Birding as a team

by Greg Neise on October 13, 2011

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Skrentny and I completed two more of our 12 big days of 2011 in the past few weeks. Joining us were Adam Sell, Karen Mansfield and Josh Engel…though not all at the same time. I mention them by name, because birding as a team is what this post is about. But first a bit about our two most recent big days.


Canada Warbler in a tangle. But I took this shot in the spring, on a big day scouting run.

The September effort was magic. It was one of those days that people talk about for years. A quick succession of two cold fronts and rain dropped southbound migrants into northern Illinois in near fallout numbers. Every place we stopped was just crawling with warblers, vireos and tanagers. Birds dripped from the trees. There was almost—no, actually at one point there were too many birds to look at and comprehend. Imagine this scenario (which happened that morning):

We are working through a woodland that climbs up a bluff of the Illinois River. Every tree and bush seemed to have a dozen or more birds in it. I looked at a grapevine tangle and saw a new bird for the day, a Canada Warbler, in the middle of the vines. I quickly described the bird’s location to the other team members and they locked on the spot. I was still watching the bird, as the others focused on the spot in front of us…

“I’ve got a Wilson’s Warbler…oh wait, I’ve got a Yellowthroat too. Where’s the Canada?”

“I’ve got a Redstart, to the left of the Yellowthroat…I’ve got the Cana…oh, wait, that’s a Magnolia.”

“I’ve got a Black-throated Green above the Magnolia. Where’s the Canada? Anybody still have the Wilson’s?”

We’re all looking at one grapevine covered bush 20 feet in front of us. Yeah, it was like that. All day.

We finished up with 146 species for the day, setting a new state record for Illinois for September. The blow-by-blow details are at the Illinois Birders’ Forum (IBF).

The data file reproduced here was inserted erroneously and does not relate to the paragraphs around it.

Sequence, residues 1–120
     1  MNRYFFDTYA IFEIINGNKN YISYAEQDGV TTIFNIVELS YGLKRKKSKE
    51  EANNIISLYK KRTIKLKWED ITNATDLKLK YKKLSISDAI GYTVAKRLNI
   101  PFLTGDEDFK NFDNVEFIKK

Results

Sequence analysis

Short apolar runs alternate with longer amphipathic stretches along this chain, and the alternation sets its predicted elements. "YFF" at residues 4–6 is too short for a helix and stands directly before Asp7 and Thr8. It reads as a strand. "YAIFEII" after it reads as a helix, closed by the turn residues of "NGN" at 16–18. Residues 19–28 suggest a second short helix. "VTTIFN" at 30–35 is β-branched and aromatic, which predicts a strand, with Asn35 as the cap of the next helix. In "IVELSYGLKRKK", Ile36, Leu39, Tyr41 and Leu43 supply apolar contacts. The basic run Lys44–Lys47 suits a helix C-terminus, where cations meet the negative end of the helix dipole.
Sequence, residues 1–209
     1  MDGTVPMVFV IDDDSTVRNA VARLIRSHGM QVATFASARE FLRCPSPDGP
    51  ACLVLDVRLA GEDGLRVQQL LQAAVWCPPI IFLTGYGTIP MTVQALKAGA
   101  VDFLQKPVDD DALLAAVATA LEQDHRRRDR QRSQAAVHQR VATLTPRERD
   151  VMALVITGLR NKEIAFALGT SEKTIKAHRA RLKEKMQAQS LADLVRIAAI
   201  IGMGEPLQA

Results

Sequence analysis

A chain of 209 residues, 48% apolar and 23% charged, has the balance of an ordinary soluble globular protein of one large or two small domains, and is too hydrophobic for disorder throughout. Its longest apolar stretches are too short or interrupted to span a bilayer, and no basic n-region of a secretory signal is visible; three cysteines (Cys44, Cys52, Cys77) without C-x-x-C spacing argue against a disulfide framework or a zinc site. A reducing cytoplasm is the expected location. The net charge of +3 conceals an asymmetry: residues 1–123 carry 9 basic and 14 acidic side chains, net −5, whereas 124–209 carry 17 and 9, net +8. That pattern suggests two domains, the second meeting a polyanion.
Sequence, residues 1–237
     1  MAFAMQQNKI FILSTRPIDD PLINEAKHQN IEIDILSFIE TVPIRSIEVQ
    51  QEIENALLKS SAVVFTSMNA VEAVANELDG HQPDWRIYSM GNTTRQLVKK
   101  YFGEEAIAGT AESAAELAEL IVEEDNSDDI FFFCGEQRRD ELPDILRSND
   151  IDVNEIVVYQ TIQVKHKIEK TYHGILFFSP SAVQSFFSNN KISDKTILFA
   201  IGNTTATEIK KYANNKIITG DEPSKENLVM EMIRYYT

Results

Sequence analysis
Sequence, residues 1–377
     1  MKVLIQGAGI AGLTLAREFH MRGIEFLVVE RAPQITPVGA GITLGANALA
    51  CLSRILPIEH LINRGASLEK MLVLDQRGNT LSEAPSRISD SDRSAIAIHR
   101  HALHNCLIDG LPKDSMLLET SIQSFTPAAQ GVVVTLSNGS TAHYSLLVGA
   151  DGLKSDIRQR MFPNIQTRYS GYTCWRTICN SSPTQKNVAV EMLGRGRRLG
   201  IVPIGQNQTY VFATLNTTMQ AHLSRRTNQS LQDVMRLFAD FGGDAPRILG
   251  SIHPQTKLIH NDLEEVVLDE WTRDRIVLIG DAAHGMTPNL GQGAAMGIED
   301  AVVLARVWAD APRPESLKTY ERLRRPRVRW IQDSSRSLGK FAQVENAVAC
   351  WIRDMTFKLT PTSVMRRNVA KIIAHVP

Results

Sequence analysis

If September was a sprint with an awesome finish, October was like the Indy 500. Just gotta keep going and hope you don’t crash.

Philadelphia Vireo, one of my favorites from our October effort.

The birding on this day was dreadful (again, details at IBF). But, because of  awesome teamwork, we pulled off our primary goal of identifying 114 species that day, breaking a 44-year-old record for northern Illinois. To put a cherry on top, in a mad dash at the end, we managed to get to 128 for the day…and set a new state record as well.

The thing about these state records is that before this past September, 10 of the 12 Illinois Big Day records came from southern Illinois, and 8 of those involved the same guy! As I’ve mentioned before, Illinois is a long state. The southern part is like Kentucky and Missouri and the north is more akin to Wisconsin and Michigan. The south simply has greater habitat and bird diversity. So to beat a southern record is a big deal. To do it twice in a row, is huge.

Or was huge. The week after beating the southerners, they came back out to reclaim their title. I woke up last Monday to find that our  record had been beat by 3 species. I quickly skimmed over the report, Red Bull coursing into my veins (Mondays are always tough for me), and noticed an asterisk next to a bunch of the birds they had listed: “(* = only one individual observed).